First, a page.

Jobe Watson's absence over the next four to six weeks will test Essendon.
That's no surprise – the last time the Bombers played without Watson was almost two years ago, when it was his hamstring rather than his collarbone which kept him out of action.
Watson missed six games with two separate strains of the muscle in 2011, and the Bombers won three of those games, including a thriller over Geelong when few thought they were a chance. But before that, the Bombers had lost their previous seven games without their No.4, dating back to 2007.
For so long, Essendon's midfield has been centred around Watson: his quick hands, his bullocking work, his capacity to bring others into the game. Now, more than ever, they are in a better position to cope without him.
Brendon Goddard seems likely to move into a more 'inside' role. Questions hung over his ability to play as that ball-winning midfielder before he crossed to Essendon, but he has consistently done that this year, averaging nine contested possessions a game and three clearances.
He will fill the breach in a leadership fashion, as will David Zaharakis, who is steadily growing in that way, having learned bits and pieces from Watson's captaincy.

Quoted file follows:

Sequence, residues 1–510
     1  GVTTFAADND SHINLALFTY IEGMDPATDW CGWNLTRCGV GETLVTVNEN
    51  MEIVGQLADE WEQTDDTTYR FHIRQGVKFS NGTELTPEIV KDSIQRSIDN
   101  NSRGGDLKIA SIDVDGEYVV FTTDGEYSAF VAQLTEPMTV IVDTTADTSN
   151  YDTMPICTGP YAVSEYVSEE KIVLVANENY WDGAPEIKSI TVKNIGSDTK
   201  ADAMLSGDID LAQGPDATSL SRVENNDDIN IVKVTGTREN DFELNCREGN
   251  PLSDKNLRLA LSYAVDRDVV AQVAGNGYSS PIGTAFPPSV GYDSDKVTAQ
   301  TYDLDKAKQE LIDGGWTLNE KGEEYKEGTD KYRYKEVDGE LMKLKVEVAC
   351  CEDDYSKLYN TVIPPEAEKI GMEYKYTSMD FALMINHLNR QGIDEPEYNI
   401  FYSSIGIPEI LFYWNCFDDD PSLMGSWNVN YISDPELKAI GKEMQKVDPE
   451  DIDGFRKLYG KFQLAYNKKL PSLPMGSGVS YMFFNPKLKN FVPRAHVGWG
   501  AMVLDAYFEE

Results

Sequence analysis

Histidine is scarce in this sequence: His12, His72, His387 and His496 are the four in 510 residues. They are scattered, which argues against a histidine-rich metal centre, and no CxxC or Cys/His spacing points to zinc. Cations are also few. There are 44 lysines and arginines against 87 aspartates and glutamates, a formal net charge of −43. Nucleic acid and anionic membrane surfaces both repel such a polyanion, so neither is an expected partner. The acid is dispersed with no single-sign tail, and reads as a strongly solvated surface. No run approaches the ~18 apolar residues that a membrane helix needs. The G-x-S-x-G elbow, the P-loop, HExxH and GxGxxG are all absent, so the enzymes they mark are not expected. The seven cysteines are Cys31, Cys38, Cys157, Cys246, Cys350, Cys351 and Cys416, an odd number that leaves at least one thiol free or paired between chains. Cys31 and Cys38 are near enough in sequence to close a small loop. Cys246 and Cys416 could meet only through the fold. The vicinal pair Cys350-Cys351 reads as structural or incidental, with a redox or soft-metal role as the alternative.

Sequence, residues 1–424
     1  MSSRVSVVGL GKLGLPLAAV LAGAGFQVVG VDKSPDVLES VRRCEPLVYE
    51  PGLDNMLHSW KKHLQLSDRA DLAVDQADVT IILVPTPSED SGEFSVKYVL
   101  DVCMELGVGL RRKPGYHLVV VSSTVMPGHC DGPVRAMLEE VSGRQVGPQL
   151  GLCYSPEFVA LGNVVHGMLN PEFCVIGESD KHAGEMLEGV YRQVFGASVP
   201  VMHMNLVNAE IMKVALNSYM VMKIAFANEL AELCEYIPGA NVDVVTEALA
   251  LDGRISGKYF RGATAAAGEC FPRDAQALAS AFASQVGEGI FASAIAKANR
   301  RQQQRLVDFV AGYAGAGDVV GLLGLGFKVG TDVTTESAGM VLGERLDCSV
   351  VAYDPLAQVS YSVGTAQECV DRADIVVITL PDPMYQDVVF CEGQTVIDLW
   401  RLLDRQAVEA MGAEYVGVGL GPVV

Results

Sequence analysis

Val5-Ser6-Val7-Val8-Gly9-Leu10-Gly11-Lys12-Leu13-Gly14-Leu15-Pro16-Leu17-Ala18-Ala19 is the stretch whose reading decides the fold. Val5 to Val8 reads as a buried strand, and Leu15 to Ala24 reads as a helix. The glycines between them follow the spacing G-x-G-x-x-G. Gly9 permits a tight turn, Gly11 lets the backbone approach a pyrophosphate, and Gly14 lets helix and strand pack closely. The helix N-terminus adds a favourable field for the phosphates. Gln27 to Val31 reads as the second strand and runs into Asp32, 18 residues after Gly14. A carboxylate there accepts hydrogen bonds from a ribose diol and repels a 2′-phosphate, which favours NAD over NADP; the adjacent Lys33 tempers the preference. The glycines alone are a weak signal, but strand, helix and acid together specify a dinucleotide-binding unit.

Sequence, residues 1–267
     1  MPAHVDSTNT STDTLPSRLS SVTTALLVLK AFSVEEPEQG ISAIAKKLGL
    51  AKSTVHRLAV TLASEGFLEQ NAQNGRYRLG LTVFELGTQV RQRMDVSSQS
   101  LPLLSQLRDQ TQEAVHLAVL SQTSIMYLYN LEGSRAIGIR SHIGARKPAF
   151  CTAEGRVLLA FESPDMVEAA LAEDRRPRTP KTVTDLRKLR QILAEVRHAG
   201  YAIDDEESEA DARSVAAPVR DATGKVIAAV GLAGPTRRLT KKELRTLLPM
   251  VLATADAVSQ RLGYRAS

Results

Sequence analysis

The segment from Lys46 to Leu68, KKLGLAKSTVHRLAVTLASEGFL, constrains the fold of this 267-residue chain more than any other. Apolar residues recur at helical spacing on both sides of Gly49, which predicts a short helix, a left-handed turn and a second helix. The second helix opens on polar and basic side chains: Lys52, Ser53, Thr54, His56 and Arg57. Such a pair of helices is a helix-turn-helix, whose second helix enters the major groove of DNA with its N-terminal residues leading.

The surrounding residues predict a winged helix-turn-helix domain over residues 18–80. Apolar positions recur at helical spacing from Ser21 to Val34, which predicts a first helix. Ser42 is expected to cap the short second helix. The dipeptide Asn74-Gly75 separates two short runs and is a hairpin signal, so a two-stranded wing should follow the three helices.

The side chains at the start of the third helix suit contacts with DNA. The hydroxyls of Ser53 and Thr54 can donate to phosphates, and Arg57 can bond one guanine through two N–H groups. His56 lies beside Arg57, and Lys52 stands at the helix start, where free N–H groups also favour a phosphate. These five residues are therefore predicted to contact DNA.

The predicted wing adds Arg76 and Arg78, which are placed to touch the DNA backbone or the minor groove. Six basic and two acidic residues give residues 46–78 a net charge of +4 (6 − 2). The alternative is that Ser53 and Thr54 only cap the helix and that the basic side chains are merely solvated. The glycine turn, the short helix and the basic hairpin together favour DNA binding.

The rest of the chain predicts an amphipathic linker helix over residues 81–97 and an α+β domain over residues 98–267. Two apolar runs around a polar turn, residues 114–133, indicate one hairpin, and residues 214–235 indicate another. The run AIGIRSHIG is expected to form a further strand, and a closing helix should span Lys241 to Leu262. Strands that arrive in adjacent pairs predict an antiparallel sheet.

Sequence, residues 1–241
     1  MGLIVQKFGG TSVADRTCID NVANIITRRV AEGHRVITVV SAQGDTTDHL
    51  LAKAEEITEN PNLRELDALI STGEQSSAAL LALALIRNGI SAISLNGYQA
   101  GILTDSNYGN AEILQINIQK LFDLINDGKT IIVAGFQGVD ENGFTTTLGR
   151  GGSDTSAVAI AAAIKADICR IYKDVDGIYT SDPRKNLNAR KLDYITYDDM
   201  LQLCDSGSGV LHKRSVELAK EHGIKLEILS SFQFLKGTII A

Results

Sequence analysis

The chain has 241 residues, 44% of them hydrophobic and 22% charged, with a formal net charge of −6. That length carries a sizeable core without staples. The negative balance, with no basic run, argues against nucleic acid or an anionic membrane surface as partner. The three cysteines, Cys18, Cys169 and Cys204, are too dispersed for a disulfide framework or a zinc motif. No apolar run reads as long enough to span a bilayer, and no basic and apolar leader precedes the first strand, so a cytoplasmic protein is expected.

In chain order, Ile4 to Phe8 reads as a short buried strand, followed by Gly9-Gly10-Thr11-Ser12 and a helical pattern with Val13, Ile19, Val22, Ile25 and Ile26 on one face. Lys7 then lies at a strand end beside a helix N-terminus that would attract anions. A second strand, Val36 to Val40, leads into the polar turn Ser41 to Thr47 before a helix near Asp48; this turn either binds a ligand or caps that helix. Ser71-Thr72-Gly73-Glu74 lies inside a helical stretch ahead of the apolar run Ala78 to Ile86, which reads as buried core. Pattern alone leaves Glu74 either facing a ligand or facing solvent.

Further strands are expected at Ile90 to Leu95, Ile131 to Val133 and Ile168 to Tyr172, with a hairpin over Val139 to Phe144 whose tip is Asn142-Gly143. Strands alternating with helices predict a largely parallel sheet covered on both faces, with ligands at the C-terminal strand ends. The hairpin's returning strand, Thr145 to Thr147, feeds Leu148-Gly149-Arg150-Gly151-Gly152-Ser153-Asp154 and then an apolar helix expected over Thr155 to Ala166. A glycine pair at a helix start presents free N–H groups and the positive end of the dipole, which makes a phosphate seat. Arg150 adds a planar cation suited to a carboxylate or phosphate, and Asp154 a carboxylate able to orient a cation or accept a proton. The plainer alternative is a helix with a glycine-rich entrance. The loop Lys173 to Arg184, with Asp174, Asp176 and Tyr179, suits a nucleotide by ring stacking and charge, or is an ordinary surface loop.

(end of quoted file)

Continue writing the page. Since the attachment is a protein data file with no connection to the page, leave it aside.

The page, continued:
More responsibility might also be thrust towards David Myers. Myers is enjoying his best year of football since joining the club, having played every game following his first injury-free pre-season at Essendon. He was prepared for this sort of year, and this sort of opportunity.
Although used sometimes off half-back or on the wing, Myers trains as a midfielder, and has the traits to fill Watson's role, at least temporarily: he is an extractor, at home at the clearances, with a big body. In stature terms at least, Myers is almost an identical replacement for his captain.
This week presents its own challenge. Watson is out, Heath Hocking's calf injury is lingering, and Brent Stanton is in some doubt with an ankle injury. James Hird might be without three of his best midfielders.
Essendon's healthy list, aside from the trio, means it has options. Nathan Lovett-Murray had a solid day in the VFL last week and could be brought in to add some strength around the ball, while Elliott Kavanagh is due for another run.
Leroy Jetta has been excellent in the VFL, but has yet to take his chance as a midfielder at the top level.
None compare to Watson, of course, who was a leading favourite for back-to-back Brownlow medals before the injury.
But the cumulative output of the other midfielders like Ben Howlett, the improving Jake Melksham and the consistent Dyson Heppell, as seen against Port Adelaide on Sunday, could make the loss of Watson a manageable problem rather than a debilitating one.
The views in this article are those of the author and not necessarily those of the AFL or its clubs